Pelvic floor dysfunction (PFD) refers to a broad constellation of symptoms and anatomic changes related to abnormal function of the pelvic floor musculature. The disordered function corresponds to either increase activity (hypertonicity) or diminished activity (hypotonicity) or inappropriate coordination of the pelvic floor muscles. Alterations regarding the support of pelvic organs are included in the discussion of PFD and are known as Pelvic Organ Prolapse (POP). The clinical aspects of PFD can be urologic, gynecologic, or colorectal and are often interrelated. Another way to compartmentalize the concerns are anterior- urethra/bladder, middle- vagina/uterus and posterior- anus/rectum.
Once patients with pelvic floor constipation have these basic tools, they can begin retraining the pelvic floor muscles with biofeedback. Based on the principle of operant conditioning, biofeedback provides auditory and visual feedback to help retrain the pelvic floor and relax the anal sphincter. Biofeedback training is the treatment of choice for medically refractory pelvic floor constipation, with some studies showing improvement in more than 70 percent of patients. Patients also learn to identify internal sensations associated with relaxation and long-term skills and exercises for use at home.
Pelvic floor dysfunction may include any of a group of clinical conditions that includes urinary incontinence, fecal incontinence, pelvic organ prolapse, sensory and emptying abnormalities of the lower urinary tract, defecatory dysfunction, sexual dysfunction and several chronic pain syndromes, including vulvodynia in women and chronic prostatitis/chronic pelvic pain syndrome (CP/CPPS) in men. The three most common and definable conditions encountered clinically are urinary incontinence, anal incontinence and pelvic organ prolapse.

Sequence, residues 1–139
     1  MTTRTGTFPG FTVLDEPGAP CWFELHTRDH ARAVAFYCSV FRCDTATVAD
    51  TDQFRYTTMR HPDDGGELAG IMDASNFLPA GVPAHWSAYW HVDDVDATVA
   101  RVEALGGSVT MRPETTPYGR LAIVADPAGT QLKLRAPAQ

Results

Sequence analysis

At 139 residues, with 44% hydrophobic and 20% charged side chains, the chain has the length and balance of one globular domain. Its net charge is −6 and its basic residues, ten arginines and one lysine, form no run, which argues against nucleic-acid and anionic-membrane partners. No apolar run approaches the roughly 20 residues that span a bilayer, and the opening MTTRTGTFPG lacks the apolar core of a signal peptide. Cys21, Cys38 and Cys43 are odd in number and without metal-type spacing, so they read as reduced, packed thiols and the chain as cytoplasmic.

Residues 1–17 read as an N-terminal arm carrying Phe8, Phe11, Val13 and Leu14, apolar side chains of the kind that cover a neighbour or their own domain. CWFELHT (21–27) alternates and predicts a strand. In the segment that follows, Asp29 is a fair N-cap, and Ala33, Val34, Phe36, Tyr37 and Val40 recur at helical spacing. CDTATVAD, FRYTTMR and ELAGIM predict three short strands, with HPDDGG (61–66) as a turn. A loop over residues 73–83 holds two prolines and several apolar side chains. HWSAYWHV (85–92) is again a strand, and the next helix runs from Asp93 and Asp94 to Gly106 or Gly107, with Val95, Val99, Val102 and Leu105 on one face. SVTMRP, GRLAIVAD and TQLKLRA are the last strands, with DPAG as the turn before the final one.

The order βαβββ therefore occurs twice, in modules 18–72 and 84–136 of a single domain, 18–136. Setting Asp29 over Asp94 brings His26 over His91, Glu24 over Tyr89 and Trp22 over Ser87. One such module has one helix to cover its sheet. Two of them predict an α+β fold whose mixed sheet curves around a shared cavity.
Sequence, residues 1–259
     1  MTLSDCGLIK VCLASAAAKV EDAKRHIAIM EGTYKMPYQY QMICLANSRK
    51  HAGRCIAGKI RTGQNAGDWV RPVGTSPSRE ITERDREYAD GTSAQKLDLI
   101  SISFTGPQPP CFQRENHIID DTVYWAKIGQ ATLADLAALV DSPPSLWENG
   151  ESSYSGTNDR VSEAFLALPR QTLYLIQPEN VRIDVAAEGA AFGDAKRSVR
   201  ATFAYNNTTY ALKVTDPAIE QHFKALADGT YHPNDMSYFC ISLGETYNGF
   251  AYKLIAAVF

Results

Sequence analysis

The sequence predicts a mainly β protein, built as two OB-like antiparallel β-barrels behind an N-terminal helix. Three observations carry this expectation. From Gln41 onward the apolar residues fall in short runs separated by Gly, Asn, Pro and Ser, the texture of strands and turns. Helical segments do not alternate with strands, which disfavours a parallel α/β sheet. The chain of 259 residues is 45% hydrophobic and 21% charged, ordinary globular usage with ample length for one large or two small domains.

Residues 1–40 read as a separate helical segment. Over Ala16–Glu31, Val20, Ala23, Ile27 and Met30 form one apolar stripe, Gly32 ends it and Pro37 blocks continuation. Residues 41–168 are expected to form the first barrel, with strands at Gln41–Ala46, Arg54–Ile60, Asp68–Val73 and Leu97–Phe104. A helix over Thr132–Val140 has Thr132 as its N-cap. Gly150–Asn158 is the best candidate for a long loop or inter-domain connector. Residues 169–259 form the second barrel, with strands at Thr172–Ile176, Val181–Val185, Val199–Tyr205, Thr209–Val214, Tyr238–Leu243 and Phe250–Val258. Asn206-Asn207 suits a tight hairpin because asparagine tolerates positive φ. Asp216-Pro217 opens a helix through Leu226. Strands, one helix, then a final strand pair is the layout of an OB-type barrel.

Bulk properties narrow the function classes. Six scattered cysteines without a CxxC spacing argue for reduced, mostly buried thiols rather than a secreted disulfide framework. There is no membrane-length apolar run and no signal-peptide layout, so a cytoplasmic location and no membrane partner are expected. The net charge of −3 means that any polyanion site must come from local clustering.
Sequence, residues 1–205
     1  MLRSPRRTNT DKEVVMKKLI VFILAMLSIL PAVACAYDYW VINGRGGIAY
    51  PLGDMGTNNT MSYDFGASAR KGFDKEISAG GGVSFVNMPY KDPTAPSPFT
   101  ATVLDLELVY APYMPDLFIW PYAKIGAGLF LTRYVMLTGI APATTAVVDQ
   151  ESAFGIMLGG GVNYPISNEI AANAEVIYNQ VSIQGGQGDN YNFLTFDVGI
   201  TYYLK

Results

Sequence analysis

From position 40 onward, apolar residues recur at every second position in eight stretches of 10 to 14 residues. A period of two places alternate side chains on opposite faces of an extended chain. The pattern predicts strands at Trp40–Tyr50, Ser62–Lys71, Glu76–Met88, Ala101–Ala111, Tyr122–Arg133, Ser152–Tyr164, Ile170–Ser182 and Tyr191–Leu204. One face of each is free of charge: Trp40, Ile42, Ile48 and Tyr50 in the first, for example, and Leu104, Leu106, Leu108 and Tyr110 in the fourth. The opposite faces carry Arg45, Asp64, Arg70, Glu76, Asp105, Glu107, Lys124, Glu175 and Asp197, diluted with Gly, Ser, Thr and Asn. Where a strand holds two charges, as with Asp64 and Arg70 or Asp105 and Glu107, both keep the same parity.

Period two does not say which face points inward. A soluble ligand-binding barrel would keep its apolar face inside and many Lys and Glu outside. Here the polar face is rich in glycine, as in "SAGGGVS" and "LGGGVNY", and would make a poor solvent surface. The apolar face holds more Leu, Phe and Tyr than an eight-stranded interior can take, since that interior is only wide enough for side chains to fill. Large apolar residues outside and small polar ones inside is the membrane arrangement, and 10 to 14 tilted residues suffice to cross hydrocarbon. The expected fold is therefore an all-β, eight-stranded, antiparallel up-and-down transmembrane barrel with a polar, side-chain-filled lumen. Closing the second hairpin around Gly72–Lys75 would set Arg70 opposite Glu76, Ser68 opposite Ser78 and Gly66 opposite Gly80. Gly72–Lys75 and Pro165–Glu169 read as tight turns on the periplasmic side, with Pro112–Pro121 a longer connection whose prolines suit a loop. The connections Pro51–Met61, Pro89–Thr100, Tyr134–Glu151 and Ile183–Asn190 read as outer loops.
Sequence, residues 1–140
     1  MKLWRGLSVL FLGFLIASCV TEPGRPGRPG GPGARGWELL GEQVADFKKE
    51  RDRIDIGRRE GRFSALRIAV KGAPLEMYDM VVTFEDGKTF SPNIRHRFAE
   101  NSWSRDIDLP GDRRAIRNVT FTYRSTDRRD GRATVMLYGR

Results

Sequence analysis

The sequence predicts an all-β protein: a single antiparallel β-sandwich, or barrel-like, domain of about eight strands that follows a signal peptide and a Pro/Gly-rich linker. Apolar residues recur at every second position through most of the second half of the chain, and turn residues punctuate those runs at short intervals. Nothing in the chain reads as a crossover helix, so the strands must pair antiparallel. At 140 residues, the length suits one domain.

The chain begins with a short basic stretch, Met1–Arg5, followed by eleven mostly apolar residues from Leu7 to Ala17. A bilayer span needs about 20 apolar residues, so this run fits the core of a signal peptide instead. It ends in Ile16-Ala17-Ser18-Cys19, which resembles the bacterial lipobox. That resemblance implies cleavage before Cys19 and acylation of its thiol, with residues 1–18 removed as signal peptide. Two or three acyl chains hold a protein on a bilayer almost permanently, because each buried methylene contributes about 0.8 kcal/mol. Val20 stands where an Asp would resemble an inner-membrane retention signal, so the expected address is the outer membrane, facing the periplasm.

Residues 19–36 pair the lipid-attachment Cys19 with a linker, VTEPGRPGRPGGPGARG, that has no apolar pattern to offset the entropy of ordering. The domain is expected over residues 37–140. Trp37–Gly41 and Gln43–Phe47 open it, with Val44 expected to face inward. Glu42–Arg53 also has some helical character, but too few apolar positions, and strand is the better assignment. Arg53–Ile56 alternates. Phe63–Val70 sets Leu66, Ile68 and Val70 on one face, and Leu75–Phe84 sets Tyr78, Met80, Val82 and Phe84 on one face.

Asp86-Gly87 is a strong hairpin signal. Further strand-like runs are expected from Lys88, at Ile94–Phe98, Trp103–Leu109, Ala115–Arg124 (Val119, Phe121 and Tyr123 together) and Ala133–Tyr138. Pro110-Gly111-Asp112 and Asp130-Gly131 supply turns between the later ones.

Medications: Daily medications that help to keep your bowel movements soft and regular are a very important part of treating pelvic floor dysfunction. Some of these medications are available over-the-counter at the drugstore and include stool softeners such as MiraLAX®, Colace®, Senna or generic stool softeners. Your primary care doctor or a gastroenterologist can help to advise you which medications are most helpful in keeping your stools soft.
Tabletop splits: Tabletop splits engage your core, hips, inner thigh muscles, and pelvic floor. To do a tabletop split, lie down on your back in a comfortable position on the floor, and bring your knees up in the air, so your thighs are perpendicular to the ground. Slowly spread your knees until your legs are as far apart as they can comfortably go, then slowly bring your knees back together. Repeat 10–15 times, up to three times per day.
When mechanical, anatomic, and disease- and diet-related causes of constipation have been ruled out, clinical suspicion should be raised to the possibility that PFD is causing or contributing to constipation. A focused history and digital examination are key components in diagnosing PFD. The diagnosis can be confirmed by anorectal manometry with balloon expulsion and, in some cases, traditional proctography or dynamic magnetic resonance imaging defecography to visualize pathologic pelvic floor motion, sphincter anatomy and greater detail of surrounding structures.
Tabletop splits: Tabletop splits engage your core, hips, inner thigh muscles, and pelvic floor. To do a tabletop split, lie down on your back in a comfortable position on the floor, and bring your knees up in the air, so your thighs are perpendicular to the ground. Slowly spread your knees until your legs are as far apart as they can comfortably go, then slowly bring your knees back together. Repeat 10–15 times, up to three times per day.
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